As expected azide 7 formation is a function of temperature and residence time (Figure 16). The conversion of acetamide 6 to azide 7 increased with increased temperature. Conversion towards azide 7 was 55% and 100% at 80 °C and 190 °C at 45 s residence time, respectively. At 80 °C, azide 7 was formed in 35% and 59% conversion, respectively (Figure 16). The hazardous DMF was successfully substituted with greener acetonitrile. The optimum conditions were found to be 190 °C and 45 s residence time to afford azide 7 in full conversion (HPLC) and 89% isolated yield. In batch, good yields (66–95%) were attained at reaction times between 3 h and 15 h at temperatures around 90 °C [9,19,20,23]. Our flow procedure was therefore more efficient than all the reported batch procedures. Continuous flow allowed for higher reaction temperatures than batch, which resulted in faster reactions.

Continuous flow acetamide 6 C-5 azidation using various azidating agents. The use of other azidating agents other than NaN3 was also investigated in a continuous-flow system (Figure 17).

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Figure 17: Continuous flow C-5 azidation of acetamide 6 using various azidating agents.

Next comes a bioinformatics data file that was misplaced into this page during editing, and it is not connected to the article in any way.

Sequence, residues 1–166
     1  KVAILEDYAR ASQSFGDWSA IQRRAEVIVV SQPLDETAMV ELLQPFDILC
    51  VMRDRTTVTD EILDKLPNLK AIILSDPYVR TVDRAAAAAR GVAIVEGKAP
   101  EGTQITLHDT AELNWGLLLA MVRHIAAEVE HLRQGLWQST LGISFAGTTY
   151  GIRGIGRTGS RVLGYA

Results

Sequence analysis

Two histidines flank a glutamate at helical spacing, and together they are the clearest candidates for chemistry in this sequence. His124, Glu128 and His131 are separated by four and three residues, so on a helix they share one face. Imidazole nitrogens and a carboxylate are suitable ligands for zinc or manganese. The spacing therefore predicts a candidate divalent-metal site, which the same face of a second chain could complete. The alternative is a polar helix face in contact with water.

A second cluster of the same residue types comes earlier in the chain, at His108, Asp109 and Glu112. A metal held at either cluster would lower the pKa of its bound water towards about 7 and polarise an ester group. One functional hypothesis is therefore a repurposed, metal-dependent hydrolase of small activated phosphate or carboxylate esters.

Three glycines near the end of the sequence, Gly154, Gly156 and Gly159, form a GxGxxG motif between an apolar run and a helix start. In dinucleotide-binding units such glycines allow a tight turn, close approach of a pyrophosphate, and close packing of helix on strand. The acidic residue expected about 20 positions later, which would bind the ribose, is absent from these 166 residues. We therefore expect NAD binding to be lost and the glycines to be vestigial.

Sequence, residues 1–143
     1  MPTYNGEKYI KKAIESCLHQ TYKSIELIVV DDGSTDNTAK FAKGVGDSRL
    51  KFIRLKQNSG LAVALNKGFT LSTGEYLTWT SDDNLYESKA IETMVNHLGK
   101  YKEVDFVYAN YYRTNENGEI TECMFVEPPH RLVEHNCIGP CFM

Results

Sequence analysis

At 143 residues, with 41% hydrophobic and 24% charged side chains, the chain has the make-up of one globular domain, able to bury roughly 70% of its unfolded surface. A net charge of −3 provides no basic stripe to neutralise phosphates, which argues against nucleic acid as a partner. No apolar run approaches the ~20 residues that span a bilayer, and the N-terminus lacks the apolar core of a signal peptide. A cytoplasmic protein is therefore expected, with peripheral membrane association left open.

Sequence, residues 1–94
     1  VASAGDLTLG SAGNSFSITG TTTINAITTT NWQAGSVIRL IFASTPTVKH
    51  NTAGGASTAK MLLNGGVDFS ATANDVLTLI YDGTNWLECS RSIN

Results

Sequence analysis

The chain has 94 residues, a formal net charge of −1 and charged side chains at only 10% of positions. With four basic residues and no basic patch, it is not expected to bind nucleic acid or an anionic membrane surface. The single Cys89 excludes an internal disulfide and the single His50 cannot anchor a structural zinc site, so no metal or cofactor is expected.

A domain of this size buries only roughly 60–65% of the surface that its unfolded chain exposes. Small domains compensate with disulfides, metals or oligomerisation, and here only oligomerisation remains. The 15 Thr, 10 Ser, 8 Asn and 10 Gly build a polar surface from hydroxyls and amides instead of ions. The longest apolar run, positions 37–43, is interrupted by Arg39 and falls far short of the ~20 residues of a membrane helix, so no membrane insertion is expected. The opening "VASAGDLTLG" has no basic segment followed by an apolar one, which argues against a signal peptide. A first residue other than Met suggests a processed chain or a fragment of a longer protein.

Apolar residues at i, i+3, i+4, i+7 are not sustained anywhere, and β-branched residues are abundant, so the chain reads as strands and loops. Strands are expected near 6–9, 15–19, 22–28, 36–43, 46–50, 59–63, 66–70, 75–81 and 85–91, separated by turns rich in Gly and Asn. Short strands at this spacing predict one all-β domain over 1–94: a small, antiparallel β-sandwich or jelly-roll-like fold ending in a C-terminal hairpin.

Optimum conditions found for NaN3 (1 M, 3 equiv, 190 °C, and 45 s) were used to investigate the use of DPPA, TMSA and TBAA as azidating agents for acetamide 6 (0.03 M) in a 19.5 µL glass microreactor (Figure 17). These azidating agents were dissolved in acetonitrile, not in water as with NaN3. Reagents flow rates were used to achieve the required reagents equivalents in flow. Experimental details for this study are outlined in the chapter Experimental. The findings of this study are graphically presented in Figure 18.

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Figure 18: Continuous flow synthesis of azide 7 from acetamide 6 using various azidating agents.